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  • Yanadaiah .P, J. Global Trends Pharm Sci, 2017; 8(1): 3756 - 3768

    3756

    A REVIEW ON PATHOGENESIS AND TREATMENT OF DIABETIC

    NEUROPATHY

    P. Yanadaiah*1, JP. Yanadaiah2, KB Chandra Sekhar3, B Aswani4

    *1 Santhiram college of Pharmacy, Nandyal, Andhra Pradesh, Pin code 518501, India 2Fathima institute of Pharmacy, Kadapa, Andhra Pradesh, Pin code 516339, India

    3 Director, OTPRI, JNTUA, Anantapuram , Andhra Pradesh , Pin code 515001, India 4Santhiram college of Pharmacy, Nandyal, Andhra Pradesh, Pin code 518501, India

    *Corresponding author E-mail: pharmachinna@gmail.com

    RTICLE INFO ABSTRACT

    Key Words:

    Diabetic neuropathy, Hyperglycemia,

    polyol pathway,

    neuropathic pain, acupuncture.

    Diabetes is consider a major cause of mortality and morbidity and it cause

    microvascular and macrovascular complications. Nephropathy, retinopathy cardiomyopathy and peripheral neuropathy are all recognized as important

    complications in about 50% of diabetes mellitus (DM) patients, mostly related to

    a poor glycemic control or to an improper management of this pathology. In any case amongst others, diabetic peripheral neuropathy (DPN) seems the leading and

    most painful complication usually affecting many DM patients. For this reason,

    this work was conceived to review the large variety of strategies adopted for pathogenesis and management of diabetic neuropathy. As neuropathy and

    neuropathic pain occur in both type 1 and type 2 diabetic patients independent of

    circulating insulin levels, the majority of clinical and experimental investigations

    have started from the premise that hyperglycemia is the primary cause of neuropathy and neuropathic pain. However, it may also occur acutely even with

    Hypoglycemia. The manifestations of diabetic neuropathy closely mimic chronic

    inflammatory demyelinating polyneuropathy, alcoholic neuropathy, and other endocrine neuropathies, hence, before labelling diabetic neuropathy it is

    mandatory to exclude all other causes of peripheral nerve dysfunction. Since the

    precise aetiopathogenesis of diabetic neuropathy is not well defined, it is difficult to classify. However, Boulton and Ward (1986) originally proposed a purely

    clinical and descriptive classification. Subsequently, Thomas gave a simple

    classification based on anatomical characteristics, which is now widely accepted.

    Potential pathogenesis of diabetic neuropathy involves the Hyperglycaemia and polyol pathway, advanced glycation end products (AGE) pathway and others.

    However in order to actually prevent diabetic neuropathy, patients must be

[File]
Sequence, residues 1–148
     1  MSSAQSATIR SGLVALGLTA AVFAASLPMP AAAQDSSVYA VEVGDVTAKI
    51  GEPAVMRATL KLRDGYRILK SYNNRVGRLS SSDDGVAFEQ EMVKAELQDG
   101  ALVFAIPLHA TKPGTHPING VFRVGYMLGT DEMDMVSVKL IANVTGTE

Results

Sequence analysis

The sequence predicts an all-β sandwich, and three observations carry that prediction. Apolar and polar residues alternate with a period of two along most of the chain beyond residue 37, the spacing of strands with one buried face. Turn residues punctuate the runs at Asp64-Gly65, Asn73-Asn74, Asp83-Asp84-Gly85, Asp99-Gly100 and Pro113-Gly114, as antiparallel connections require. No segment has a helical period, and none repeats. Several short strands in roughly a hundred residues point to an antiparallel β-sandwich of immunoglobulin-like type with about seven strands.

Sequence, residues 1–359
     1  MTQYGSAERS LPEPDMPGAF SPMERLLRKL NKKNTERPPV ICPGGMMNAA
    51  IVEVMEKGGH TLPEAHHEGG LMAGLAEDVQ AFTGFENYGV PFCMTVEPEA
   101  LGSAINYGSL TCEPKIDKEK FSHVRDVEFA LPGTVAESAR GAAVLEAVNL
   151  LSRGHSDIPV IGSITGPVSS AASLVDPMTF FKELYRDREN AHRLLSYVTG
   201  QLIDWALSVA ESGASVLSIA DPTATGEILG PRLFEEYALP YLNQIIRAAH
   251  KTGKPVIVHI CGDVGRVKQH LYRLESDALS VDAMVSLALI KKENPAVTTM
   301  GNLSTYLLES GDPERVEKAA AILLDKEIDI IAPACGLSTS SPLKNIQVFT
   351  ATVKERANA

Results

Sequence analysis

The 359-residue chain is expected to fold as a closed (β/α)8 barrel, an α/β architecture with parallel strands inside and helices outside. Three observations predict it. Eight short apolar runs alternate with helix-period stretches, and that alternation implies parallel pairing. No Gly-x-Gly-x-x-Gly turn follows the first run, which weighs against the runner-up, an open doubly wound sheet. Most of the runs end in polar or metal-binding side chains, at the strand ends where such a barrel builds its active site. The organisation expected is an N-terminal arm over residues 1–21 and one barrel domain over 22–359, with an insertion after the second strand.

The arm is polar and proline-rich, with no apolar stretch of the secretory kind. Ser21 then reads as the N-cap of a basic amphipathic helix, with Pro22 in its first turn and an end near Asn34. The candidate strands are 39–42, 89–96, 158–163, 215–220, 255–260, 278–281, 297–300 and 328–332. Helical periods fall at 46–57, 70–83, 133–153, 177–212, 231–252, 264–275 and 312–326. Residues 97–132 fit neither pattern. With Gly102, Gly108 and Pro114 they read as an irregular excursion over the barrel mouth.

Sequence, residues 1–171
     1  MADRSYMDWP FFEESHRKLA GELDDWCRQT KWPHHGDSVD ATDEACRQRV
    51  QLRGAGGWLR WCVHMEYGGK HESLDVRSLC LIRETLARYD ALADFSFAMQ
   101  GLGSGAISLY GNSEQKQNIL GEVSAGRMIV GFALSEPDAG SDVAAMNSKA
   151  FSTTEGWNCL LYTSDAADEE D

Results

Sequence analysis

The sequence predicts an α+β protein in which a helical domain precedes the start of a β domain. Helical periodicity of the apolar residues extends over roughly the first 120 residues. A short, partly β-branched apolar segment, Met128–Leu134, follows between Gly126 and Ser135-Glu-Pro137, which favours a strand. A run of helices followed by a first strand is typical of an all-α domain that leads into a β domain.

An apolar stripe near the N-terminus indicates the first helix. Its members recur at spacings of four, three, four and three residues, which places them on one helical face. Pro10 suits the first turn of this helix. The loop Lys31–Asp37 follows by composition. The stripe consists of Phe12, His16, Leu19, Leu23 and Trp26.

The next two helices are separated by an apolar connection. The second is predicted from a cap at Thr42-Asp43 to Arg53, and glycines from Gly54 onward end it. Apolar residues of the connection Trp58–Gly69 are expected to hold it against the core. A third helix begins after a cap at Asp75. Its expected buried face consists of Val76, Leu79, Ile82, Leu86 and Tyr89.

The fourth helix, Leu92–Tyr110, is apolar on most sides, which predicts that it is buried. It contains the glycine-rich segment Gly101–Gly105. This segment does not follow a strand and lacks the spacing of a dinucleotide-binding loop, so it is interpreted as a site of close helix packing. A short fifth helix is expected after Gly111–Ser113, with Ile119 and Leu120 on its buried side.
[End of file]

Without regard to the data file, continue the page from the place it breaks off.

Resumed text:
informed of not only the complications, but also how they can minimize their own risk through risk factor modification.Moreover, in the effort to provide the

    widest panel of remedies, the most antique techniques of acupuncture and electro

    stimulation will be considered as alternative, which are useful approaches to take

    into account in any non-pharmacological strategy for DPN management.

    INTRODUCTION:

    The World Health Organization estimates

    that the global prevalence of diabetes is

    currently approaching 5%; thus, this disease can be called an epidemic of the 21st century.

    Diabetes is considered a major cause of mortality and morbidity [1] and statistically,

    diabetic neuropathy is the second most

    common cause of posttraumatic nerve damage [2]. Therefore, clinical reality suggests the need

    Journal of Global Trends in Pharmaceutical Sciences

    An Elsevier Indexed Journal ISSN-2230-7346

  • Yanadaiah .P, J. Global Trends Pharm Sci, 2017; 8(1): 3756 - 3768

    3757

    for the effective treatment of neuropathic pain

    accompanying diabetes. Therefore, clinical reality suggests the need for the effective

    treatment of neuropathic pain accompanying

    diabetes. Diabetes mellitus represents a

    syndrome of complex metabolic diseases united by the occurrence of hyperglycemia

    which also exhibits diverse origins (insulin

    deficiency, insulin resistance, systemic consequences of pregnancy) and has variable

    accompanying physiological and metabolic

    disorders. As neuropathy and neuropathic pain occur in both type 1 and type 2 diabetic

    patients independent of circulating insulin

    levels, the majority of clinical and

    experimental investigations have started from the premise that hyperglycemia is the primary

    cause of neuropathy and neuropathic pain.

    However, it may also occur acutely even with Hypoglycemia [3-6]. In support of this

    approach, studies that followed large cohorts

    of diabetic patients over many years established that neuropathy is the most